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INFLUENCE OF SOCIO-ECONOMIC STATUS AND SCHOOL LOCATION ON SECONDARY SCHOOL STUDENTS’ PERFORMANCE IN ACCOUNTING IN KWARA AND OSUN STATES, NIGERIA
This study investigated the influence of socio-economic status and school location on secondary school students‘performance in accounting in Kwara and Osun State, Nigeria. Four operative objectives, four research questions were raised to guide the study and four research hypotheses were formulated and tested at 0.05 level of significance. The total population of the study was 533 secondary schools and 13,063 students, and the samples of 53 schools 1186 respondents were drawn using random sampling. Data were collected using self designed questionnaire. Percentages were used to analyze bio data, the mean and standard deviation were used to answer research questions while t-test and Analysis of Variance (ANOVA statistics were used to test the four null hypotheses at 0.05 level of significance. The findings revealed that parental educational level, occupation, social standing and school location had significant influence on students‘ academic performance in Accounting in Kwara and Osun States. It was concluded that socio-economic status and school location were significant factors that contributed to students‘ academic performance. It was recommended that social and economic policies should be put in place by government to enable children from low economic status to have equal opportunity of advancing their education.
1.1 Background to the Study
Historically, all societies usually establish hierarchies among their members. Socio-stratification is universal. Human beings have invented numerous ways to classify people by wealth, power, prestige, ability, education, occupation; even through where they live. According to Parson, Stephanie and Deborah (2001), socio-economic status is an expression which is used to differentiate between people‘s relative status in the community regarding family income, political power, educational background and occupational status. The socio-economic status of a child is usually determined by parental educational level, parental occupational status and income level (Jeynes, 2002). The term "social class" originally referred to groups of people holding similar roles in the economic processes of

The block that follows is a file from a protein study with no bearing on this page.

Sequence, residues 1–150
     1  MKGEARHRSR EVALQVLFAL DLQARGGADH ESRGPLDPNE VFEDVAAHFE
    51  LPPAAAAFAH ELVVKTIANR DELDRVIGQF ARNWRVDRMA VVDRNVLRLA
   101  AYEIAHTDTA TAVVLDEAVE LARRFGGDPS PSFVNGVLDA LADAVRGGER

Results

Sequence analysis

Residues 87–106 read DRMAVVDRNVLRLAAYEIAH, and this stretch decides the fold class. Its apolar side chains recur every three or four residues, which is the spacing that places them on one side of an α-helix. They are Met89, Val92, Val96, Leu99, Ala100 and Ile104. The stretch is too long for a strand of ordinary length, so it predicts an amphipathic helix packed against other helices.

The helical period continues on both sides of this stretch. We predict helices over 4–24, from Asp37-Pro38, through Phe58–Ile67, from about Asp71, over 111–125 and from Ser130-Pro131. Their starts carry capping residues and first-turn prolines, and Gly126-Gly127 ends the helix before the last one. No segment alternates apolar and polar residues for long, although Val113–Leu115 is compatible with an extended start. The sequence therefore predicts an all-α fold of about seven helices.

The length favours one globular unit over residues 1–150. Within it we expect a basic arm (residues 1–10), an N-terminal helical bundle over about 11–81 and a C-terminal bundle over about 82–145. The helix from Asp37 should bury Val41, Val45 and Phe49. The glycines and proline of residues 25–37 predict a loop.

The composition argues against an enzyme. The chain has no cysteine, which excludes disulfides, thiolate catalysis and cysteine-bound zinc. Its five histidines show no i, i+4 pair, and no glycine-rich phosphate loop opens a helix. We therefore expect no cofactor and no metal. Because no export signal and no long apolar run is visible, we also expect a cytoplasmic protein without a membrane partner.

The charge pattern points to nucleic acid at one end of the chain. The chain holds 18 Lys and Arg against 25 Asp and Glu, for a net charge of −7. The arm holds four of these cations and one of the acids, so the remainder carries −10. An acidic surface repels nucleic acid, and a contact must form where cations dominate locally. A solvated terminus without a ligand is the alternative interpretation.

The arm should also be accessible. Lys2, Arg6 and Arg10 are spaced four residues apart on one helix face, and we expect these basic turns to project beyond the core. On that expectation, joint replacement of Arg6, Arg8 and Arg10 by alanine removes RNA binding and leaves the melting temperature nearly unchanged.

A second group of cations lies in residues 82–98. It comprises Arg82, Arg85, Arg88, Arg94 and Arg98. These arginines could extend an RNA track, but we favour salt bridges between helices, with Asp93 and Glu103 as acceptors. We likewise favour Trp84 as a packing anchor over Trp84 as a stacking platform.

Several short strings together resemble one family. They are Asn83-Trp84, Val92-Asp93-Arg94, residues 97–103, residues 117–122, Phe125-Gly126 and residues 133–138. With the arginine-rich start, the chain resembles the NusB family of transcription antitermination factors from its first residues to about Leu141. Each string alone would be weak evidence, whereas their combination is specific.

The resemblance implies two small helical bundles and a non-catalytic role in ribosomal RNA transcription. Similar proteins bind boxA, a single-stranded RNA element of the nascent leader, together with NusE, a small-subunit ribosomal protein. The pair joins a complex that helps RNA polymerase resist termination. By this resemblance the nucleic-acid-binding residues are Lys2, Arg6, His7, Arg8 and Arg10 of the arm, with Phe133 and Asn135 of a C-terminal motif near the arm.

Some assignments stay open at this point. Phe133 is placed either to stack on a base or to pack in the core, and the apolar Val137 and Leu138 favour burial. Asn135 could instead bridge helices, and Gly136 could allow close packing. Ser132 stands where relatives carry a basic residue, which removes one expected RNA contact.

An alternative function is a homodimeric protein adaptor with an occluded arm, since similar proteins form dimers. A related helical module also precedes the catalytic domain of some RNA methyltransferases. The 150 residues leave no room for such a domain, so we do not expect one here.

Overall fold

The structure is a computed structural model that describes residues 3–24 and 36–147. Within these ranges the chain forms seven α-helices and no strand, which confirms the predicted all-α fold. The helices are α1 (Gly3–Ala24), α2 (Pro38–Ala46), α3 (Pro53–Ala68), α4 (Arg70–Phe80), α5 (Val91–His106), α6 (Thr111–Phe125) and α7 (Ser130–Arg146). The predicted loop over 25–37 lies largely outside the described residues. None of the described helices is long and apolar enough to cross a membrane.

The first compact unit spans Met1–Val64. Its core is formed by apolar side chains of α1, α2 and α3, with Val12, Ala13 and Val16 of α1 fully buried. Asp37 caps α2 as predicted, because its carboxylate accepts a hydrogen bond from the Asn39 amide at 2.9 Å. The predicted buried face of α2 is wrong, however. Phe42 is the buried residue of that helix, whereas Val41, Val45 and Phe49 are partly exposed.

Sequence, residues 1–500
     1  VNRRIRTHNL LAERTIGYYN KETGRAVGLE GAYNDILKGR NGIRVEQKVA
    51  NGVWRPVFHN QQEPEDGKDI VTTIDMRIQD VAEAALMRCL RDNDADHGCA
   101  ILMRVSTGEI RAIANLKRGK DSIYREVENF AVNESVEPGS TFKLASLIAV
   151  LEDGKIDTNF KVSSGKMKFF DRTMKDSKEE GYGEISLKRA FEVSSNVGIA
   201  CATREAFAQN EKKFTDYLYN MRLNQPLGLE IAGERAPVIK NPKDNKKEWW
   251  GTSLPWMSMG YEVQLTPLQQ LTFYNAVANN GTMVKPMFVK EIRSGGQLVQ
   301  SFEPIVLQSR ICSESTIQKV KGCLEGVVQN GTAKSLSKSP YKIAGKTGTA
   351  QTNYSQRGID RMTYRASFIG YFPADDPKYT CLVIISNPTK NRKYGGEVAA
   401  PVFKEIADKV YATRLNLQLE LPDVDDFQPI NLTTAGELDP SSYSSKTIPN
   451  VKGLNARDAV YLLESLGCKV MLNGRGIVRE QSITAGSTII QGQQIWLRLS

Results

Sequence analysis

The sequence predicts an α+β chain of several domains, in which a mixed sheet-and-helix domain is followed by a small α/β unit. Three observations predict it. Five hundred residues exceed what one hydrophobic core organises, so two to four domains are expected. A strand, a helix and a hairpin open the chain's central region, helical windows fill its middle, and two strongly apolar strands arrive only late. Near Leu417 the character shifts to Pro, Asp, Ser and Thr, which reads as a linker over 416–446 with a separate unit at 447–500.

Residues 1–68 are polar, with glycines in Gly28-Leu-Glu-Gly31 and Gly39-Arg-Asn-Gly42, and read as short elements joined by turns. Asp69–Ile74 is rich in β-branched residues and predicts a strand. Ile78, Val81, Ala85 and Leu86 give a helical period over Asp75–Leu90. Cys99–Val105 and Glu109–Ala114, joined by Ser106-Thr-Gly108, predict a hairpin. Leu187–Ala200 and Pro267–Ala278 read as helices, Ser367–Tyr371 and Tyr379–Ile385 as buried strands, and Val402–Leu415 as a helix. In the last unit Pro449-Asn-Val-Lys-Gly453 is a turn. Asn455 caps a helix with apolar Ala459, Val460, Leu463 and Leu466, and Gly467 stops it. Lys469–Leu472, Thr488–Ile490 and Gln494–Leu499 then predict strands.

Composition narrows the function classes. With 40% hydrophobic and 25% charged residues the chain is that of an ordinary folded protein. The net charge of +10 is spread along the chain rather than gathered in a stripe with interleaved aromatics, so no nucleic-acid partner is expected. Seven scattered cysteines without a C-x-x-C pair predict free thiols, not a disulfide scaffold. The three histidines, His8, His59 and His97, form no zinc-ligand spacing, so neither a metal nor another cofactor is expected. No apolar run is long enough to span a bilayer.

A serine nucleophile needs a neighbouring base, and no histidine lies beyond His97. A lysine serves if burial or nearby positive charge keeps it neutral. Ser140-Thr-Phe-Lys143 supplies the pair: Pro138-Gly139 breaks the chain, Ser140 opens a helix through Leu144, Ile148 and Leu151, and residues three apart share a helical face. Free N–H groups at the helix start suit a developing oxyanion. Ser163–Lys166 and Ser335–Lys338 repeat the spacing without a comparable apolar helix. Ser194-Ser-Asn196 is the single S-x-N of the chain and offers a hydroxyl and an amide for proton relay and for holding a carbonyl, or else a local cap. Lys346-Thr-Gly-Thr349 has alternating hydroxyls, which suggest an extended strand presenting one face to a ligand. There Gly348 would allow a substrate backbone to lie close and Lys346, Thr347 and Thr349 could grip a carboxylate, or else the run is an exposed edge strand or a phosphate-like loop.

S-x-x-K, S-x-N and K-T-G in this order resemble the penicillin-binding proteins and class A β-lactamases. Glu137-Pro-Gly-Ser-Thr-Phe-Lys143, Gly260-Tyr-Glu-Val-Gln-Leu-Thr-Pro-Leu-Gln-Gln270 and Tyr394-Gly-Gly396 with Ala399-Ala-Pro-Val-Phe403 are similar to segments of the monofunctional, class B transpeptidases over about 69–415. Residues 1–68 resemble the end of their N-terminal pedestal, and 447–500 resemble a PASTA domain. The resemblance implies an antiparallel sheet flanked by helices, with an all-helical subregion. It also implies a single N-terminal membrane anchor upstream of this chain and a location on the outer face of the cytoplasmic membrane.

production and exchange, such as landowners or tenants, employers or employees. Such positions correspond to different levels of status, prestige, and access to political power. However, social class eventually took on a more generic meaning and came to refer to all aspects of a person's rank in the social hierarchy (Gale Encyclopedia of Public Health, 2002).
Belonging to a social class is generally accompanied by a perception of class identity. In this sense, social class is not merely a personal attribute, but also a contextual variable that characterizes a group of people. The shared culture of a particular class influences, and is influenced by people's attitudes and lifestyle. Social class may be ascribed at birth, as with royalty or nobility, or with castes in Hindu societies. More commonly, however, a person's position at birth is modified by his or her achievements,